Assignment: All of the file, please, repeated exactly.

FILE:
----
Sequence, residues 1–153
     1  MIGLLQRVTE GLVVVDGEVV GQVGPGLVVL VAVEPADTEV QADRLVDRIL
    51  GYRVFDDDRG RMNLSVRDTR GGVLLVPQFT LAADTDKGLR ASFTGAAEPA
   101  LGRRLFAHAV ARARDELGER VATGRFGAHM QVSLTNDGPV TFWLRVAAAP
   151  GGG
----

Sequence, residues 1–153
     1  MIGLLQRVTE GLVVVDGEVV GQVGPGLVVL VAVEPADTEV QADRLVDRIL
    51  GYRVFDDDRG RMNLSVRDTR GGVLLVPQFT LAADTDKGLR ASFTGAAEPA
   101  LGRRLFAHAV ARARDELGER VATGRFGAHM QVSLTNDGPV TFWLRVAAAP
   151  GGG